We decided to head across to Seville, as the 240V invertor had blown a fuse, so we needed to find a camping shop to replace this. Unfortunately we had to pay for the Motorhome Parking here in Seville and it wasn’t cheap at 12 Euros!
This was a weird carpark in an industrial area 3km walk away from town, however there isn’t really any other options in Seville and I think there would be issues with security if you left your Motorhome in a non-secure location.
It was swelteringly hot in Seville and we ended up walking miles to find the Invertor shop, only for it to be closed when we got there. Figuring out opening times in Spain is something we are yet to master, but basically avoid trying to do anything essential between midday and about 4pm!
Fortunately near the inverter shop we stumbled across El Rinconcillo, the oldest tapas bar in Seville which has been serving drinks and tapas since 1670. Unfortunately, we arrived at the conclusion that they hadn’t changed the menu since then as the tapas were very disappointing. We had Ewes milk cheese and some local chorizo. From here we headed into town to Antigua Abacería de San Lorenzo, which was a tapas bar Rick Stein recommended in his show on Spain. David had a little steak sandwich which was tasty, although expensive for what it was at nearly 5 Euros for a finger sized piece of meat in a dry bun. On the opposite side of the road we spied a little place called Bar Agustín & Company which was much more our cup of tea. The waiters were friendly and put our phone on charge for us, so we shared a jug of Sangria and delicious fried turbot with pistachio mayonnaise… yum. We didn’t want to have a late night as we knew we would have to drive the next day as we didn’t want to have to pay for parking for 2 nights.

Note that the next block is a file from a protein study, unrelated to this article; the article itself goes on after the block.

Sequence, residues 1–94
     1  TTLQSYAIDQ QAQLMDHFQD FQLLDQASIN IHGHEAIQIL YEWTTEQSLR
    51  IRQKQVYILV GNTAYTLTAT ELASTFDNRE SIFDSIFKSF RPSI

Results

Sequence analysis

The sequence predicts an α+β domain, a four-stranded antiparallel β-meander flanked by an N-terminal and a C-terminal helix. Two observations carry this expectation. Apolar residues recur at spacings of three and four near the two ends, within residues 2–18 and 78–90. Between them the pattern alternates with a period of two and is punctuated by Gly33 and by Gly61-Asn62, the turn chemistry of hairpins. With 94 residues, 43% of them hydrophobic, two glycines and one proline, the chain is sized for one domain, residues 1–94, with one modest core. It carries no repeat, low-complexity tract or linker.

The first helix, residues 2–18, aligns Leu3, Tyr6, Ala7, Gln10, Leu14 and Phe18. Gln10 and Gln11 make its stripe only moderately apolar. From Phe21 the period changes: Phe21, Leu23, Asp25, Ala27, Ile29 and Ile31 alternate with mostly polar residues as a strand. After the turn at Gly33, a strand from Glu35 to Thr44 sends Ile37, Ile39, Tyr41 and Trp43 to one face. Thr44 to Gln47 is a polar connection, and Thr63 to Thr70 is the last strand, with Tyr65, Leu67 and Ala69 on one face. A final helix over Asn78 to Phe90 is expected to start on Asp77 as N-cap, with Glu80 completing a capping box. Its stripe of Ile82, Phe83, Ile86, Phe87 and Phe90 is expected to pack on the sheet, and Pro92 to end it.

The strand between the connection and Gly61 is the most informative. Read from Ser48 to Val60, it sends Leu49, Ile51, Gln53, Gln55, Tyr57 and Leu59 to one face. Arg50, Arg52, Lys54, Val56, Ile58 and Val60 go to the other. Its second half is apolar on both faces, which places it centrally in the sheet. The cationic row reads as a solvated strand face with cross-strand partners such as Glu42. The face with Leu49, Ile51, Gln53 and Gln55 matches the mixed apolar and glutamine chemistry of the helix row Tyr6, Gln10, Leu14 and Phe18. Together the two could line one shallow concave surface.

The next morning we found a different Motorhome shop that sold invertors so I looked online for a map and found it was in Cordoba. We headed there and 3 hours into driving I realised the map was wrong and the shop was actually back in Seville! Very annoying. However we carried on to Cordoba and found a little Caravan shop that had some second hand invertors that would provide a temporary solution. We were both exhausted from driving in the extreme heat of central Spain and decided we would treat ourselves and spent 2 days in a campsite nearby that had a swimming pool. This little place was called Camping Albolafia, it was on the pricey side at 19 Euros a night! However we got our money’s worth and spent the next two days lounging out by the pool and having millions of showers (in the bus we can only have quick showers as the water runs out so fast!)
The following day we had a very long day’s drive all the way to Almeria, where there is some absolutely fantastic scenery. We took a smaller road that went past Zuhero castle. The landscape really looks like the Wild West and there are some amazing little cave houses in the hills! We stopped for lunch at a petrol station that had a bustling little fish restaurant attached and shared a delicious meal of grilled hake and salad.
When we finally made it to Almeria after 7 hours in the bus driving we found a free parking place right by the beach. Link to site here : https://www.campercontact.com/en/spain/andalusia-04-11-14-18-21-23-29-41/almeria/30521/motorhome-parking-parking-auditorio-maestro-padilla.aspx . First impressions of Almeria were not great. Compared to the other beautiful historical places we visited Almeria was full of graffiti and 70s apartment blocks. To be honest we were a bit worried leaving the bus unattended as there was a band of homeless men in the car park trying to get money off people to show them were to park. However the city grew on us and we actually stayed for a couple of days, wandering down the beach front to the old town and enjoying tapas in the evenings.
Our favourite place was a tapas bar called Taberna Entrevinos. Surprisingly, Almeria was the first place in Spain offering free tapas with your drinks, so after a few drinks you’ve had dinner for free. We had Spanish omelettes with spicy potatoes, croquettes, foie toast with jam and other tasty little snacks all for free! The Alcazaba of Almería is defiantly worth a trip, an amazing Middle Eastern style palace built in 955AD, but again check for opening times as it closed during the day. The surrounding area is also very interesting with pretty little Moroccan restaurants with lovely gardens.